Improving Customer Service with Amazon Connect and Amazon Lex

Fri, 30 Jun 2017 11:00:00 PDT

Customer service is central to the overall customer experience that all consumers are familiar with when communicating with companies. That experience is often tested when we need to ask for help or have a question to be answered. Unfortunately, we've become accustomed to providing the same information multiple times, waiting on hold, and generally spending a lot more time than we expected to resolve our issue when we call customer service. When you call for customer assistance, you often need to wait for an agent to become available after navigating a set of menus. This means that you're going to wait on hold regardless of whether your issue is simple or complex. Once connected, the systems that power call centers generally don't do a good job of using and sharing available information. Therefore, you often start out anonymous and can't be recognized until you've gone through a scripted set of questions. If your issue is complex, you may end up repeating the same information to each person you talk to, because context is not provided with the handoff. It's easy to end up frustrated by the experience, even if your issue is successfully resolved. At Amazon, customer obsession is a fundamental principle of how we operate, and it drives the investments we make. Making sure that customers have a great experience when they need to call us is something that we've invested a lot of time in. So much so, that in March 2017, we announced Amazon Connect, which is the result of nearly ten years of work to build cloud-based contact centers at scale to power customer service for more than 50 Amazon teams and subsidiaries, including, Zappos, and Audible. The service allows any business to deliver better over-the-phone customer service at lower cost. When we set out to build Amazon Connect, we thought deeply about how artificial intelligence could be applied to improve the customer experience. AI has incredible potential in this area. Today, AWS customers are using the cloud to better serve their customers in many different ways. For instance, Zillow trains and retrains 7.5 million models every day to provide highly specific home value estimates to better inform buyers and sellers. KRY is helping doctors virtually visit patients and accurately diagnose aliments by applying machine learning to symptoms. Netflix is using machine learning to provide highly personalized recommendations to over 100 million subscribers. There are really exciting projects everywhere you look, including call centers. When Amazon Connect launched, we spoke about the integration with Amazon Lex. One of the really interesting trends in machine learning lately has been the rise of chatbots, because they are well suited to fulfilling customer requests with natural language. Amazon Lex, which uses the same conversational technology as Amazon Alexa, is Amazon Web Services' deep-learning powered chatbot platform. By linking Amazon Lex chatbots into the Amazon Connect contact flow, customers are able to get help immediately without relying on menus or specific voice commands. For example, an Amazon Lex driven conversation with your dentist's office might look like this… Connect: "Hello, thanks for calling. Is this Jeff?" Jeff: "Yes" Connect: "I see you have a cleaning appointment this Friday. Are you calling to confirm?" Jeff: "No, actually." Connect: "Ok, what are you calling about?" Jeff: "I'd like to change my appointment to be next Monday." Connect: "No problem, I have availability on Monday July 3rd at 11:00 AM. Does that work? Jeff: "That's fine." Connect: "Great. I have booked an appointment for you on Monday, July 3rd at 11:00 AM. Is there anything else I can help you with? Jeff: "Can you send me a text confirmation?" Connect: "Sure. I have sent a text message confirmation of your appointment to your cell. Can I do anything more for you?" Jeff: "No, that'[...]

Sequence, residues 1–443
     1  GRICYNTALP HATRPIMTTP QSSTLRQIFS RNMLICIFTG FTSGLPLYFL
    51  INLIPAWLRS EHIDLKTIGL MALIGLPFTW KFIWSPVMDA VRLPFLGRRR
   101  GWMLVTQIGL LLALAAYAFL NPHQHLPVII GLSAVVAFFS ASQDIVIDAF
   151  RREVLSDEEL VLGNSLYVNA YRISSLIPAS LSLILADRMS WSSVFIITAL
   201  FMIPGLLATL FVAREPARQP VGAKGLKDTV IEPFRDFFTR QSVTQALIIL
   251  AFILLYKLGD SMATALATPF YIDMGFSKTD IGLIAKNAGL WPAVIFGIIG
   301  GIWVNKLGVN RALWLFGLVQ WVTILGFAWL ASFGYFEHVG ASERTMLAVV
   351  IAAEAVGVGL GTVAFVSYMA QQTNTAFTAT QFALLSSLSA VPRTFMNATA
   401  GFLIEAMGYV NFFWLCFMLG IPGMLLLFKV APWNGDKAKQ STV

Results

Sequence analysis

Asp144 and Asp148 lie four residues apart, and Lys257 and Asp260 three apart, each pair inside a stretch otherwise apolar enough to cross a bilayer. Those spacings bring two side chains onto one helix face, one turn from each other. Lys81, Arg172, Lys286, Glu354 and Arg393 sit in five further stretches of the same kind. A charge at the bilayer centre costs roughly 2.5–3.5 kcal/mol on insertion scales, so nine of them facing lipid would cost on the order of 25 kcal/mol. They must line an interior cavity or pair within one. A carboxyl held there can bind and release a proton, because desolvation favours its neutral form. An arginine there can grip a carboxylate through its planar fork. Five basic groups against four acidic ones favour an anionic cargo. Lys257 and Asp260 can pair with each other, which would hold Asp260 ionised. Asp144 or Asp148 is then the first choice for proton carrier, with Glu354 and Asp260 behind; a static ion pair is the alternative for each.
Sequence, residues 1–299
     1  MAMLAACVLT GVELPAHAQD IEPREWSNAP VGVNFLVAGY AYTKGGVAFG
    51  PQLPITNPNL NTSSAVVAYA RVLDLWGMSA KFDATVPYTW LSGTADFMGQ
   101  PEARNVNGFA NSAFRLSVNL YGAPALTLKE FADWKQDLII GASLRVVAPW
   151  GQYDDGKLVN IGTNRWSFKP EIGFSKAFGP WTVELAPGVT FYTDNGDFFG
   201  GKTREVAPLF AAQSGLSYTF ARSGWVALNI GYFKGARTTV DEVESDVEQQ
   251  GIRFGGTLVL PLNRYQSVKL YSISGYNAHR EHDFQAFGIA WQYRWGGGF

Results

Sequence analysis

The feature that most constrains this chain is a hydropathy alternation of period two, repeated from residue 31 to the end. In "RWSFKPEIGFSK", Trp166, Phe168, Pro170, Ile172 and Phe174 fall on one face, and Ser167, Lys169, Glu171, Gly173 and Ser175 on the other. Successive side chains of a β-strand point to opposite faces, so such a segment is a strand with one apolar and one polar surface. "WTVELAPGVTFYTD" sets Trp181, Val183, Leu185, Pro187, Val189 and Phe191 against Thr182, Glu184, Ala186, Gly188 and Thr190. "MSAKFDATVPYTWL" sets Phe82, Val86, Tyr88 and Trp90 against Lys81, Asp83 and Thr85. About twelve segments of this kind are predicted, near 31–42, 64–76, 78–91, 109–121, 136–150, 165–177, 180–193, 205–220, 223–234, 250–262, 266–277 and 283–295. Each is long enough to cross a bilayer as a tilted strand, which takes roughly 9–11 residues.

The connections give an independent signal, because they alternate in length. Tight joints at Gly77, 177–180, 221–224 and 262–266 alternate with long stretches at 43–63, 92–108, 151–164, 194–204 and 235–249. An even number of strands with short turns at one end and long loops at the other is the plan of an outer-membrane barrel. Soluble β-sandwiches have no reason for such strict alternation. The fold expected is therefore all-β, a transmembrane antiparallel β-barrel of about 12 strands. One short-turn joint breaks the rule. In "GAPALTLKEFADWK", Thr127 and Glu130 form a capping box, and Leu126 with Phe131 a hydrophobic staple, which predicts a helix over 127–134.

Stop waiting for perfection and learn from your mistakes

Wed, 28 Jun 2017 10:00:00 PDT